Employment Report Disappoints but Probably Won’t Delay Federal Reserve’s Tapering Plan

The September employment report disappointed analysts; will it also complicate the Federal Reserve’s plan to begin withdrawing the monetary support that has cushioned the economy throughout the pandemic?

Read More

Mortgage industry executives summoned to meet with Treasury Secretary Timothy Geithner last week agreed to do what they can to pick up the lagging mortgage modification pace. But they also complained that the expectations for speedy foreclosure relief were unrealistic given the complexity of the Obama Administration’s Home Affordable Modification Program (HAMP) program, the volume of modification requests, and the need for servicers to hire and train thousands of new employees.

It’s back – the bankruptcy cram down proposal, that is. Despite predictions that it was unstoppable after winning overwhelming support in the House, the measure, giving bankruptcy judges the authority to rewrite residential mortgages, flamed out in the Senate, unable to survive a blistering assault by the banking industry. Even its strongest supporters pronounced the legislation dead after only 45 Senate Democrats voted for it.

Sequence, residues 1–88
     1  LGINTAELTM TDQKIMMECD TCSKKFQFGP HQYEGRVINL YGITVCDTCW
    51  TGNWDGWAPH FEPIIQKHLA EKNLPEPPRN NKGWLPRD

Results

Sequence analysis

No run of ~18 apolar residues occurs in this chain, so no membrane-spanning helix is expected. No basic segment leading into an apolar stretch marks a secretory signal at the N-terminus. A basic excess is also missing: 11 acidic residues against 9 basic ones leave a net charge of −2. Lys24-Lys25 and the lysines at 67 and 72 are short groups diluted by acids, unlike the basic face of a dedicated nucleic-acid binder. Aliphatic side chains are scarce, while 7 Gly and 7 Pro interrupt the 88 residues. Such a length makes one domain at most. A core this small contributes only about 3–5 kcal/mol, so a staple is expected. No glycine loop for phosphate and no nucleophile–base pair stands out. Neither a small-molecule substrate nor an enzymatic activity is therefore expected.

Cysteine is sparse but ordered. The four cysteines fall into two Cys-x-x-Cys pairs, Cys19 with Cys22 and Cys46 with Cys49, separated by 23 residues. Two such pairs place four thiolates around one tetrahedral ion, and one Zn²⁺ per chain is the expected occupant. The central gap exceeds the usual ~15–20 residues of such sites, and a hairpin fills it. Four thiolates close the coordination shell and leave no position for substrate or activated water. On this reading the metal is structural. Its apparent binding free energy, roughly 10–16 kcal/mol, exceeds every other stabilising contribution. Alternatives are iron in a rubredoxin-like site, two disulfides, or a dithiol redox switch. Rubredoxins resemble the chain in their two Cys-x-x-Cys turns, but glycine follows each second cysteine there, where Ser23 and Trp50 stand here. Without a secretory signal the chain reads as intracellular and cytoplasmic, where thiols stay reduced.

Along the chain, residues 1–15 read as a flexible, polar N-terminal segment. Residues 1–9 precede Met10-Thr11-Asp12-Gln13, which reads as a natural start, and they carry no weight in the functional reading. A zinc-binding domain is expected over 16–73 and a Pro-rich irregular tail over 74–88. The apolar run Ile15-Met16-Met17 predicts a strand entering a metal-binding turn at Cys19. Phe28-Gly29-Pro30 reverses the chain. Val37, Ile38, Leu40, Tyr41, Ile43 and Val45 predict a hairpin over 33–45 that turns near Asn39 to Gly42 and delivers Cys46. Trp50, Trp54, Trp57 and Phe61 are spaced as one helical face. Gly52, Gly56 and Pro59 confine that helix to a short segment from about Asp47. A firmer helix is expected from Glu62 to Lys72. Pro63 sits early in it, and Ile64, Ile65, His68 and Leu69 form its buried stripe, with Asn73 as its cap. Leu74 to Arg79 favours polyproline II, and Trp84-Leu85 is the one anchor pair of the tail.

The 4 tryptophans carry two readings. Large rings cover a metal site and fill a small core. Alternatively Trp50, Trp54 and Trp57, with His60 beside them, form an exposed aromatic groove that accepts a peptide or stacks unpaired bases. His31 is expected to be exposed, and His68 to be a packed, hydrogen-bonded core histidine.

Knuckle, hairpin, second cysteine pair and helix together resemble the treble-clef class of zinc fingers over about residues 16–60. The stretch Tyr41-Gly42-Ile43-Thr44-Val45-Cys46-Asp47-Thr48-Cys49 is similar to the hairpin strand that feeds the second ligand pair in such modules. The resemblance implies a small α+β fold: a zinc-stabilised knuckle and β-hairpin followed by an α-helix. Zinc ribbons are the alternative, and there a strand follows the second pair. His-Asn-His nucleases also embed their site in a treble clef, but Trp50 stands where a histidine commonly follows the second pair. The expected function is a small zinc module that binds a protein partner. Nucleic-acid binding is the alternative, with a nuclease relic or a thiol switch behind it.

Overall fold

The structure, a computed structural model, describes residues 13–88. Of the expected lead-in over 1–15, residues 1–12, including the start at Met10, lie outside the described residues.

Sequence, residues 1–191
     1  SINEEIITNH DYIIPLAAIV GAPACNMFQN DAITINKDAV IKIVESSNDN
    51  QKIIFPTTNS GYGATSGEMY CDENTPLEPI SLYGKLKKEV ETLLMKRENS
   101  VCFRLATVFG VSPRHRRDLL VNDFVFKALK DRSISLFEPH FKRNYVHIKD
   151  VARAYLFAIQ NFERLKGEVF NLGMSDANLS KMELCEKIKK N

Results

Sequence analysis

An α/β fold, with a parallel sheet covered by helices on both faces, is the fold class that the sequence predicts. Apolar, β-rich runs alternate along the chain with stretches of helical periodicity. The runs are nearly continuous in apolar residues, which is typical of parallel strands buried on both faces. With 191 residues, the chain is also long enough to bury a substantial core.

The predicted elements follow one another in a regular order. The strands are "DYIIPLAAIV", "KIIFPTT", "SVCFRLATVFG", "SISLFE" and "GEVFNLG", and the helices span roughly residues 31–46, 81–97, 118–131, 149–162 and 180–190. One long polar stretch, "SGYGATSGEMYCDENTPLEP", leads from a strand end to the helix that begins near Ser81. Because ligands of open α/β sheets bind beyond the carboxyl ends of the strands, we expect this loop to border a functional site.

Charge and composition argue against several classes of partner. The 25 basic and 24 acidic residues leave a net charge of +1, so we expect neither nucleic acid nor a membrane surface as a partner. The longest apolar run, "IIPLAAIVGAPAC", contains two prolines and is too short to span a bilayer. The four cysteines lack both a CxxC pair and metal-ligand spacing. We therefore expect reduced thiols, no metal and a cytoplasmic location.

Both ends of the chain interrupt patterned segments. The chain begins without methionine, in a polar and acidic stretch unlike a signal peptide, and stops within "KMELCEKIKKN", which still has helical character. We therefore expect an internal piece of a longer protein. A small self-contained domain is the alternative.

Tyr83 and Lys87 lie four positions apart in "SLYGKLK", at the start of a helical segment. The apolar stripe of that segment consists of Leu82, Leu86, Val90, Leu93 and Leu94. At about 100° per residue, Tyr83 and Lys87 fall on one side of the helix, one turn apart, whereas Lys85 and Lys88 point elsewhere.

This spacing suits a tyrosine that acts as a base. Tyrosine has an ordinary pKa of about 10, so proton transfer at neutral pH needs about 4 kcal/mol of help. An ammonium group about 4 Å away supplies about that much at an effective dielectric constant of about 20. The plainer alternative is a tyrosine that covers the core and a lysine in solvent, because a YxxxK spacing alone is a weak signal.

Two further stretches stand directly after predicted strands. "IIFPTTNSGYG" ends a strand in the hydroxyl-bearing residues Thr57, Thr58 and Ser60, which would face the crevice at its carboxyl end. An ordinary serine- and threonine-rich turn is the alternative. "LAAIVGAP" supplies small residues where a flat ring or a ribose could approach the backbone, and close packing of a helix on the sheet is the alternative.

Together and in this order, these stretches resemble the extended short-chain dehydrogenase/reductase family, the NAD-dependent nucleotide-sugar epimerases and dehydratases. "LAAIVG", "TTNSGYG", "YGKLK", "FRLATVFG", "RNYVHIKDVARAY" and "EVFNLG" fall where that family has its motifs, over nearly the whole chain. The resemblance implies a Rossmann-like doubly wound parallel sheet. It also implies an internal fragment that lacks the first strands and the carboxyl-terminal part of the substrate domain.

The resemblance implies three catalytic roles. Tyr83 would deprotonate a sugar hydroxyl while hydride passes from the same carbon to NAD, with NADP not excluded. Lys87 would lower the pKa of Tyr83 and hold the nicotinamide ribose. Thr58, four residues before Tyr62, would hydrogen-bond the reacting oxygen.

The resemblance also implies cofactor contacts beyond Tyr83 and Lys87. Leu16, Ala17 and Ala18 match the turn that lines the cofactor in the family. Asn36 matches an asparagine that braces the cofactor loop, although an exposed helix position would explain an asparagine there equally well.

If Shakespeare were writing today, he might still advise killing all the attorneys first. But if he followed a current trend, he might also suggest drawing a bead on appraisers as well. Real estate and financial industry trade groups, led by home builders and real estate brokers, are blaming flawed appraisals for depressing home values, delaying real estate closings and exacerbating the housing downturn.

“You’ve got to admit it’s getting better.” An increasing number of economists are beginning to hum that Beatles tune, as the statistics pointing to an improving economy multiply. Economists remain divided on whether the recession has needed or is nearing an end. But a growing consensus holds that the worst of the downturn is behind us. A consensus is also forming around a less encouraging view: The recovery will be painfully slow, made more painful by the expectation that conditions should be better than they are likely to be in the near term.